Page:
Bullying is typically associated with school yards and “mean girls.” But, unfortunately, it doesn’t always stop when people leave high school.
Many adults also experience bullying, and often it is at the workplace.
The Workplace Bullying Institute keeps track of such issues. They provide helpful information for those who have been bullied at the workplace. It also helps managers in trying to make sure it doesn’t happen.
That’s important, because as many as 75 percent of workers say they have been bullied in the workplace.
Nursing is one of those professions where bullying is an issue.
According to a recent report, about 33 percent of nurses have considered quitting their jobs because of bullying. About 85 percent said they have experienced bullying while on the job, a staggering number.
For those wondering exactly what bullying would look like, the Workplace Bullying Institute provides some criteria. They say workplace bullying usually falls into three general areas:
- Threatening, humiliating or intimidating co-workers with actions or words
- Interfering with a co-worker’s job, preventing work from getting done
- Verbally abusing another employee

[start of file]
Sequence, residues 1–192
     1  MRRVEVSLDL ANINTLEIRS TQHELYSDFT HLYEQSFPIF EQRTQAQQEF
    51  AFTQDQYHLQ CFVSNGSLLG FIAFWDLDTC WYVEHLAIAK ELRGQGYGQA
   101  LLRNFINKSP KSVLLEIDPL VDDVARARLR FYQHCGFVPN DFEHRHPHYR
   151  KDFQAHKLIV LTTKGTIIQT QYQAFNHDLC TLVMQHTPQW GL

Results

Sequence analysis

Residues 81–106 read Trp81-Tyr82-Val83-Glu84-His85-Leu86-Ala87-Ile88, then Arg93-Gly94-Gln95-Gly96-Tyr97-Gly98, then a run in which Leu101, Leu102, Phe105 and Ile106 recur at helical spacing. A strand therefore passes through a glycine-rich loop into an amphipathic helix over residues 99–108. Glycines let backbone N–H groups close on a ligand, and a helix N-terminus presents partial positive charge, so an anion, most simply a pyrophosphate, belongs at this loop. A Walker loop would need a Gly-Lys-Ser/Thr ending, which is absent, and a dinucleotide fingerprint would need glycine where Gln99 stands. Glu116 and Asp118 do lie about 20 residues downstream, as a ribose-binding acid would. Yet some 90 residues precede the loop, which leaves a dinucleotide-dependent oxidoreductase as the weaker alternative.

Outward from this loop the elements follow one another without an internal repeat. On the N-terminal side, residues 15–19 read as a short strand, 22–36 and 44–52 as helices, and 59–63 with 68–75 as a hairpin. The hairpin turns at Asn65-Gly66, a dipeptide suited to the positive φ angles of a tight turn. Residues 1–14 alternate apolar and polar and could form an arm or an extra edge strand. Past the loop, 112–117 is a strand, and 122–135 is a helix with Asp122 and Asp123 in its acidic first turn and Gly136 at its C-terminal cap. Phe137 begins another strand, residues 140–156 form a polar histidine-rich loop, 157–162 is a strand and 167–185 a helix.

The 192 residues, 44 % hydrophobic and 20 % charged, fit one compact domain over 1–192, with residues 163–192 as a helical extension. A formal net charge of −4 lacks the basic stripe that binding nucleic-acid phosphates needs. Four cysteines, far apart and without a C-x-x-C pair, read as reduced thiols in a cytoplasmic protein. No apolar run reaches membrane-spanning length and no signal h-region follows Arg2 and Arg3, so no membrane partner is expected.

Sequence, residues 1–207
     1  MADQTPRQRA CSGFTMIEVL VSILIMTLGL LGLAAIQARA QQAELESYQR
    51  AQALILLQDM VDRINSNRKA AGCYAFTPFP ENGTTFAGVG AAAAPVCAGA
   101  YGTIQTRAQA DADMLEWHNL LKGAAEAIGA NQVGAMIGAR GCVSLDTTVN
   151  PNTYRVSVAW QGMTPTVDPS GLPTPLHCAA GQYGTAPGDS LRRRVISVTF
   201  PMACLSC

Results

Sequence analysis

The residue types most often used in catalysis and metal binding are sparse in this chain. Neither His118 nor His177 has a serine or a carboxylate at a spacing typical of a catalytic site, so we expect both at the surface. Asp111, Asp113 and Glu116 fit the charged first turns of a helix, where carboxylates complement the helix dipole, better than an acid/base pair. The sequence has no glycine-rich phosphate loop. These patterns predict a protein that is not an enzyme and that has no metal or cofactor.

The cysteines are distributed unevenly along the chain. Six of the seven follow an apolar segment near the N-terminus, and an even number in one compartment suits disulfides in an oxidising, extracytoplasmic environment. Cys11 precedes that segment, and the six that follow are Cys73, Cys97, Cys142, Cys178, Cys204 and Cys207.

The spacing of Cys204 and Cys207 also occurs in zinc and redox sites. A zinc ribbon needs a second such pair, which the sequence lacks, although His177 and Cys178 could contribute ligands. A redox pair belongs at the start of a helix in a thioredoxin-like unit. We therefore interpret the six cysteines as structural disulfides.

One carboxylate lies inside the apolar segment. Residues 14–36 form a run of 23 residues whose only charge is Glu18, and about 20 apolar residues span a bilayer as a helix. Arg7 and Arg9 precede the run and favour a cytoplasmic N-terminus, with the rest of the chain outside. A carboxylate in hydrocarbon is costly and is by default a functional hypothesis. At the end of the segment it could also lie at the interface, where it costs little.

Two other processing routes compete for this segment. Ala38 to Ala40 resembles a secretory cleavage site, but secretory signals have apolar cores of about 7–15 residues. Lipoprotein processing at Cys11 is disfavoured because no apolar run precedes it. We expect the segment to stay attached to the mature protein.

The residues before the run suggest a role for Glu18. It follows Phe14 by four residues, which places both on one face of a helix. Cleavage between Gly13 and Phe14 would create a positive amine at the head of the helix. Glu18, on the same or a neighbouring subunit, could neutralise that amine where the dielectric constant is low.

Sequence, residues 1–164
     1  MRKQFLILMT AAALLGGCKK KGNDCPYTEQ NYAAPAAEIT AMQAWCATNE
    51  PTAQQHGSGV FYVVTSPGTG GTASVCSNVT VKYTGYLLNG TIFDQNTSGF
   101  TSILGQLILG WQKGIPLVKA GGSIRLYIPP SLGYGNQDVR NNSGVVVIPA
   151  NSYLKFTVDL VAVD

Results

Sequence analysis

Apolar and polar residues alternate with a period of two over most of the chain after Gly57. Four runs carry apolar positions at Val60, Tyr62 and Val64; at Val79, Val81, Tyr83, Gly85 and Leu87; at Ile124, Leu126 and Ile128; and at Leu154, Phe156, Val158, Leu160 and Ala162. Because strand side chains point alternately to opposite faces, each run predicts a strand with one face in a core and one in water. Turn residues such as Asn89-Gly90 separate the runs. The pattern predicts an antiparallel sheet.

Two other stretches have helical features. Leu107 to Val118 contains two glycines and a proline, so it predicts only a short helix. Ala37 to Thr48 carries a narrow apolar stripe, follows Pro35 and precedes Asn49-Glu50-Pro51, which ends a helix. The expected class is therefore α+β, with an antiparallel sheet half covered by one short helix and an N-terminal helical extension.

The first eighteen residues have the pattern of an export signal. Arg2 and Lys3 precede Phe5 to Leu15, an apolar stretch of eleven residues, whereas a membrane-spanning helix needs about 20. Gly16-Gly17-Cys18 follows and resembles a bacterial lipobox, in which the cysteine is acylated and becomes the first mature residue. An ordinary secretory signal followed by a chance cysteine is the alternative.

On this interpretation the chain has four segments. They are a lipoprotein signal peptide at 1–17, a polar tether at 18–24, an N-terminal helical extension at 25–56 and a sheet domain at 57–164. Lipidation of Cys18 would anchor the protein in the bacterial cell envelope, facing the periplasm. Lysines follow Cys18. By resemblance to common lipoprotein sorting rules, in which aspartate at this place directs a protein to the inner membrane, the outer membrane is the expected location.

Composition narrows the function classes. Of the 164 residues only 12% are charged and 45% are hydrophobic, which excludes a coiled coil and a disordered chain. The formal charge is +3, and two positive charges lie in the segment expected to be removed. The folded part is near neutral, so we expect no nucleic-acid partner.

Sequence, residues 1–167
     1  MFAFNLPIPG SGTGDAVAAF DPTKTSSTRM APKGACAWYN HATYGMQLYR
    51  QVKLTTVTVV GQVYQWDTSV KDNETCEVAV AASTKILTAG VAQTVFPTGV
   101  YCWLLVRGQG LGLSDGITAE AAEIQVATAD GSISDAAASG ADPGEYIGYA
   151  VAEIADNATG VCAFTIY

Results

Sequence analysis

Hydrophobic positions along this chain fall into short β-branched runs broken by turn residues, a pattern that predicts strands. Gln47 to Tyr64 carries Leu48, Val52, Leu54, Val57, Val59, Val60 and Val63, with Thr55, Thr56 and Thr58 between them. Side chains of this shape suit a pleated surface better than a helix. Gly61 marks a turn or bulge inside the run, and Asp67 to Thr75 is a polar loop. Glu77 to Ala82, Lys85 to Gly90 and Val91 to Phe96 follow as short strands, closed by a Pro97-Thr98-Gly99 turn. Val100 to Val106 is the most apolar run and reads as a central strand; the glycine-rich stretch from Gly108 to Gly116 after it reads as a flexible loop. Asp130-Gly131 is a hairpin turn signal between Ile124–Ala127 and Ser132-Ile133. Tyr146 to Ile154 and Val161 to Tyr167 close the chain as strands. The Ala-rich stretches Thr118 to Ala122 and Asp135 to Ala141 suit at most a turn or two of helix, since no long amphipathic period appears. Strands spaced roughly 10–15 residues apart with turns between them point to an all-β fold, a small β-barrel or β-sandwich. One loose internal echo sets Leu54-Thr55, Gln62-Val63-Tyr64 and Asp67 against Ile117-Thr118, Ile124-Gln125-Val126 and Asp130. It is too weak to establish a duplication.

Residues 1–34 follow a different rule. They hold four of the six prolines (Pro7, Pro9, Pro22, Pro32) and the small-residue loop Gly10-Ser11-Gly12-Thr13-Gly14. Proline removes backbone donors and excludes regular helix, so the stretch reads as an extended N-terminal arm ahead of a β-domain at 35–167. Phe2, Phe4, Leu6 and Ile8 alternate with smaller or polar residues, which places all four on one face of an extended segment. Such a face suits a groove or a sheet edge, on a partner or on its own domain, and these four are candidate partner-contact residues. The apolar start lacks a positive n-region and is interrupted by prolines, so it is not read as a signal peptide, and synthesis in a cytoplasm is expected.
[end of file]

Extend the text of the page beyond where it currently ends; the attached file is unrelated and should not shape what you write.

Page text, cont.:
Why do people do it? Control is the usual reason, much as it is in the schoolyard. But at work the stakes are higher – especially in the nursing profession. Preventing someone from doing their work or upsetting them so much that they do not perform at their best can result in poorer medical services.
Clearly, that’s not acceptable. But it remains an issue at many hospitals and other medical operations.
Examples of Nurse Bullying
Verbal harassment is the main way most nurses experience bullying, with about 45 percent of nurses reporting experiencing this.
In most cases, the bullying is targeted, meant to cause harm and happens over a length of time.
Another common bullying technique is “incivility”. This is subtle, yet very damaging form of bullying.
In nursing, this happens primarily with younger nurses. Older nurses have been known to withhold information, give younger workers unfair assignments, not give them credit for their accomplishments and even outright sabotage their younger co-worker’s efforts.
Ways to end nurse bullying include documenting every case where you are bullied, informing managers of the activity and having a written policy in place that addresses bullying and what will not be tolerated in the workplace.
Nursing is a wonderful profession, but bullying is an issue. For those earning their degree in nursing, it’s important to be aware of the issue and take the right steps to keep it from happening to them and those around them.